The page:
Wall Street falls more than 1.5 percent as jobless claims rise

Wall Street falls more than 1.5 percent as jobless claims rise

The week to 4 March saw jobless claims rise more than expected, selling off bank stocks in particular.

There is a focus on the direction of interest rates. Adam Sarhan, CEO of 50 Park Investments, told CNBC Thursday that the Fed has changed the narrative that drove stocks higher for most of January and late December. The market rallied on the assumption that the Fed would stop raising rates, would pause in the summer, or sometime in the near future. Powell made it very clear that's not the case. The market is looking for a bullish catalyst, but it can't find one, Sarhan said.

The tech-laden Nasdaq Composite fell 2.05 percent or 237.65 points to 11,338. The Dow Jones Industrials fell 543.54 points or 1.66 percent to 32,254 at the end of Thursday. The 500 m of Stnadrd and Poor fell 73.69 points or 1.85 percent to 3,918. Foreign exchange markets were mixed Friday, with the majors rebounding, while the commodity bloc currencies remained flat to lower.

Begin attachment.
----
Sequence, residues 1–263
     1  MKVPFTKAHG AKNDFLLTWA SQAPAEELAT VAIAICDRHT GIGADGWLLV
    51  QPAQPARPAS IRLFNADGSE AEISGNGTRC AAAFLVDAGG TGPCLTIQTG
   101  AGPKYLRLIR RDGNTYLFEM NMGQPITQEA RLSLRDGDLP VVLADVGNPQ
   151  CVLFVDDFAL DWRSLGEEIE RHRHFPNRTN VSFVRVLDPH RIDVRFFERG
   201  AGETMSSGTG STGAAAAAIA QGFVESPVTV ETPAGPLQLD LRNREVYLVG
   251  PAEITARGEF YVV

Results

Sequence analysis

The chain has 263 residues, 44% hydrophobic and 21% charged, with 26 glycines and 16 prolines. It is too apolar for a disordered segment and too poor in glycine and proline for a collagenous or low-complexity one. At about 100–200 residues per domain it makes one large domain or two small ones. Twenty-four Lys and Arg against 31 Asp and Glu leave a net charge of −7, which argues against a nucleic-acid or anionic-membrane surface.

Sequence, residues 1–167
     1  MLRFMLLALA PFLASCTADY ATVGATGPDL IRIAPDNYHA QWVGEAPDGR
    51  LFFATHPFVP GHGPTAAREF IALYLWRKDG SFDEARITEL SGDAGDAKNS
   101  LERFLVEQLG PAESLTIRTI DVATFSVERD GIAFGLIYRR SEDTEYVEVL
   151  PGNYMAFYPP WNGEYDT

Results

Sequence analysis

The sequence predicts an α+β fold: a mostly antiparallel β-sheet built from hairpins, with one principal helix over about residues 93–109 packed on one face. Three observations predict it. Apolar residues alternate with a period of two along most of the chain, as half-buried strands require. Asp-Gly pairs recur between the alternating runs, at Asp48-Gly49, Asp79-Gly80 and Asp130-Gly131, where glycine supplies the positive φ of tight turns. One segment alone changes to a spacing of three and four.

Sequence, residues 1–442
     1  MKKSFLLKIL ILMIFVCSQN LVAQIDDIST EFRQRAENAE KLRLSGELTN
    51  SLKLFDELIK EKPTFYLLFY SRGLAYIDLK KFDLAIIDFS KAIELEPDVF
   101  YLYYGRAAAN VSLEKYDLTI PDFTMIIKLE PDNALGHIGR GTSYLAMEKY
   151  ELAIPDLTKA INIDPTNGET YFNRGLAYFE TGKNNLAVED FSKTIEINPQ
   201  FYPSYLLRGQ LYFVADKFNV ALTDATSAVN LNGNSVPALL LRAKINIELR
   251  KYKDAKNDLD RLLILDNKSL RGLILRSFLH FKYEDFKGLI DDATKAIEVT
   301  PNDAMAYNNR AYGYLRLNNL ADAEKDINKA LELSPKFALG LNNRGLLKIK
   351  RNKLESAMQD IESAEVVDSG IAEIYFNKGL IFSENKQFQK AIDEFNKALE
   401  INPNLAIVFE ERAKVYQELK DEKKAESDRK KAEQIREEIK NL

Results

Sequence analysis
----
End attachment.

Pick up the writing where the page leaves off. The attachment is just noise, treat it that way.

The euro bounced back to a previous high of 1.0580 around the U.S. close Thursday.

The Japanese yen was sharply higher at 136.10, while the British pound made a solid recovery to 1.1920, a gain of more than a cent.

The Canadian dollar fell sharply to 1.3828 by the U.S. close Thursday. The Australian dollar was little changed at 0.6587, as was the New Zealand dollar at 0.6103.

The FTSE 100 in London dropped 0.63 percent on overseas equity markets. The German Dax was flat, up just 0.01 percent. The Paris-based CAC 40 lost 0.12 percent.

In Japan, the Nikkei 225 had a good day, rising 178.96 points or 0.63 percent to 28,623. Hong Kong's Hang Seng dropped 125.51 points to 19,925, down 125.51 points. The Shanghai Composite fell 7.15 points or 0.22 percent to 3,276 on mainland China. In Australia, the S&P ASX 200 went up by 3.30 points or 0.05 percent to 7,311. The Australian All Ordinaries gained 10.50 points or 0.14 percent, to close Thursday at 7,514. The Singapore Straits Times fell 12.35 points or 0.38 percent to 3,214. The S&P NZX 50 lost 29.39 points or 0.25 percent to 11,826 in New Zealand. South Korea's Kospi Composite fell 12.82 points or 0.53 percent to 2,419.